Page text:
Teenagers hate to be patronised. There's probably nothing more excruciating than adults assuming that we are incompetent; whether it be in decision-making, general communication (without one- syllable expletives), clothing ourselves etc. The list goes on.
This assumption of incapability has recently extended to entitlements with which we have been entrusted for decades. Suddenly we should no longer be allowed to smoke at 16, or drive until we're 18 or even 21. Our compulsory schooling is scheduled to be extended by two years and there are talks about increasing the legal drinking age.
Now we may be a bunch of drug-taking, alcoholic, slovenly, grubby, monosyllabic, unresponsive muttonheads, but haven't we always been that? Why the sudden change?
We've been patronised for a long time. We're long-suffering. But in the last decade or so it's taken a bit of a turn. The patronising language, fluffing of hair and baby-style intonation of times gone by have been succeeded by the venom of cynical questions, distrustful glares and reprovingly spoken snide remarks. It happens a lot when I'm shopping. You can just see the assistant trying not to squirm when you so much as look at an item. Start handling clothes and you can cause convulsions.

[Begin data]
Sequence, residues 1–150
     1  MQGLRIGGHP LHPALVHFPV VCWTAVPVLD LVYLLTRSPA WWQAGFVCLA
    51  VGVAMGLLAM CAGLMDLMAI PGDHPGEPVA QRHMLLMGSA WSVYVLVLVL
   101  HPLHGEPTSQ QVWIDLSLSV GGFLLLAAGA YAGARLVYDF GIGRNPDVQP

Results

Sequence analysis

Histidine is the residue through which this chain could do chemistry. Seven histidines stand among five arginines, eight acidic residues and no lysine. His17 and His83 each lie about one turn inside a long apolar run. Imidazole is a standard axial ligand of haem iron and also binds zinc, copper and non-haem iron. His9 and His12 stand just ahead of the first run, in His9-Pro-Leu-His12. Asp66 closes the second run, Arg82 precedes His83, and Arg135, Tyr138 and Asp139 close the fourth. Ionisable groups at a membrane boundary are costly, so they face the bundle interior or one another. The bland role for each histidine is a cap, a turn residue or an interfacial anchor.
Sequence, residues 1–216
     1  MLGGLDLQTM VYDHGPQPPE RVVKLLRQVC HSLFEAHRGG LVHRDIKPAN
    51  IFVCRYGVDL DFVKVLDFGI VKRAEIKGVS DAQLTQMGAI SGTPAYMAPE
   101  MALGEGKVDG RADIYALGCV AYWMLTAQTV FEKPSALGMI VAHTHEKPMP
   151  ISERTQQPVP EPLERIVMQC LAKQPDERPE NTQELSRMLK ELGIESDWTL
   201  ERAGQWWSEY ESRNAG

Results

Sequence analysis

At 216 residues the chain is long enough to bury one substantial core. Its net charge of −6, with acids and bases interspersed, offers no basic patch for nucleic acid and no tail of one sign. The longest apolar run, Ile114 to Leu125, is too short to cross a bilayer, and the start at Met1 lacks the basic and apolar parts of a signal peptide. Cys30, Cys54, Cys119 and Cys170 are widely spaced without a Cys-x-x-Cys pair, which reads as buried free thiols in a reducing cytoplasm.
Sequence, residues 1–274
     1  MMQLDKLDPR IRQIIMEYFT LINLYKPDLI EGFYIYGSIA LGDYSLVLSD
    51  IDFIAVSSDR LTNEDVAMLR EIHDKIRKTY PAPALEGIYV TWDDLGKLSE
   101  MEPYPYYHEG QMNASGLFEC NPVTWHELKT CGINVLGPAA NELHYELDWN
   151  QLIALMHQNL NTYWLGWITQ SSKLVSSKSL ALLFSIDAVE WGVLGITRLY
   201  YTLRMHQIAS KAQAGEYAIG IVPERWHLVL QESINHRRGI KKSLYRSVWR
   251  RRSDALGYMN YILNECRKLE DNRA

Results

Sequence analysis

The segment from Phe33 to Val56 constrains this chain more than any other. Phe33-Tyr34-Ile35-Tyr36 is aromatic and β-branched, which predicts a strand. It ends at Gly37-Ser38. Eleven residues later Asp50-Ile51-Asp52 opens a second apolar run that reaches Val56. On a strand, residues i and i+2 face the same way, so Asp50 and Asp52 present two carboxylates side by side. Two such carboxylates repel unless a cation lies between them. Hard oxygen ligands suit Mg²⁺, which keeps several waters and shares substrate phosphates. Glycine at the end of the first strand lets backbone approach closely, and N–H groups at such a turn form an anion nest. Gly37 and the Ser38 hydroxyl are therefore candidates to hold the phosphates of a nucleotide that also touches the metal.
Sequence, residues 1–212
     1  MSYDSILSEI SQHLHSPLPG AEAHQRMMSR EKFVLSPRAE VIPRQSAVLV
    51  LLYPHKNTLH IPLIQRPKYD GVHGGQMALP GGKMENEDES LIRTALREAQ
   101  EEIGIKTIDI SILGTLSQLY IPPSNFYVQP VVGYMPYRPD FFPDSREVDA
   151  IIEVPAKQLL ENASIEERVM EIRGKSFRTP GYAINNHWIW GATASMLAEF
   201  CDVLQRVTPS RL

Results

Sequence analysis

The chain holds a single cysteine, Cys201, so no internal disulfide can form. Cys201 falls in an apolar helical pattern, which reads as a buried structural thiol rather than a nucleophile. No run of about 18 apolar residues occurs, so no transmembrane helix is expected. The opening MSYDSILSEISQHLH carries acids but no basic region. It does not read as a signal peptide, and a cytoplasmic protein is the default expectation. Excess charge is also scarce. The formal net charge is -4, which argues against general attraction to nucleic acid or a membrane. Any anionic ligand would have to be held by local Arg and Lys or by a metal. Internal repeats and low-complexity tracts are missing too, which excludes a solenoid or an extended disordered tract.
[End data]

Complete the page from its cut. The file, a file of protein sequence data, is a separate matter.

Daily, there are ridiculous cases of over-reaction: being screamed at for sitting in the wrong place, being accused of misdemeanours on unsubstantiated evidence. The "yob culture" that informs the way the lives of young people are portrayed in the media has instilled an irrational fear in the adults of today. And their solution? Making laws.
This trend towards raising legal ages is completely illogical, not to mention highly irritating. Take smoking. Raising the smoking age is a pointless exercise. It's all very well for people to say that it will encourage young people to stop. But they would be wrong. At least five of my friends are regular smokers (all under 16). When I asked them how the ban affected them the resounding answer were words to the effect of, "It's really not a problem." The average age for taking up smoking is 15: that's a year younger than the old legal smoking age. It's doesn't take a genius to work out that a law isn't a deterrent: if teenagers want fags, they get fags. We're quite competent in that respect.
It's a similar story with alcohol. Anyone who was …